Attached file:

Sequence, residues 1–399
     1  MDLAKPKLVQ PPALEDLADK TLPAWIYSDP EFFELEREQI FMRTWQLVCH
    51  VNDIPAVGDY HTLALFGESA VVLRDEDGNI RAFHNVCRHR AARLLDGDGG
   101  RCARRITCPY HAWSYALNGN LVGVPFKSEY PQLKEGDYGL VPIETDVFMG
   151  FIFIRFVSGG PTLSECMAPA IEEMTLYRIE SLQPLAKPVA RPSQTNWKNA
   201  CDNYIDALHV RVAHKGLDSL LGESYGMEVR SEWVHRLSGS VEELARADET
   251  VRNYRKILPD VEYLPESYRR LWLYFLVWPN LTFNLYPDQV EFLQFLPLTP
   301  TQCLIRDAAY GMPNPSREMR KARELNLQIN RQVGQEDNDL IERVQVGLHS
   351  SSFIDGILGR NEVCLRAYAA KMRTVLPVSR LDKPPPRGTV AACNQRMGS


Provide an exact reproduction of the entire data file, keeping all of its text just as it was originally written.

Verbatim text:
Sequence, residues 1–399
     1  MDLAKPKLVQ PPALEDLADK TLPAWIYSDP EFFELEREQI FMRTWQLVCH
    51  VNDIPAVGDY HTLALFGESA VVLRDEDGNI RAFHNVCRHR AARLLDGDGG
   101  RCARRITCPY HAWSYALNGN LVGVPFKSEY PQLKEGDYGL VPIETDVFMG
   151  FIFIRFVSGG PTLSECMAPA IEEMTLYRIE SLQPLAKPVA RPSQTNWKNA
   201  CDNYIDALHV RVAHKGLDSL LGESYGMEVR SEWVHRLSGS VEELARADET
   251  VRNYRKILPD VEYLPESYRR LWLYFLVWPN LTFNLYPDQV EFLQFLPLTP
   301  TQCLIRDAAY GMPNPSREMR KARELNLQIN RQVGQEDNDL IERVQVGLHS
   351  SSFIDGILGR NEVCLRAYAA KMRTVLPVSR LDKPPPRGTV AACNQRMGS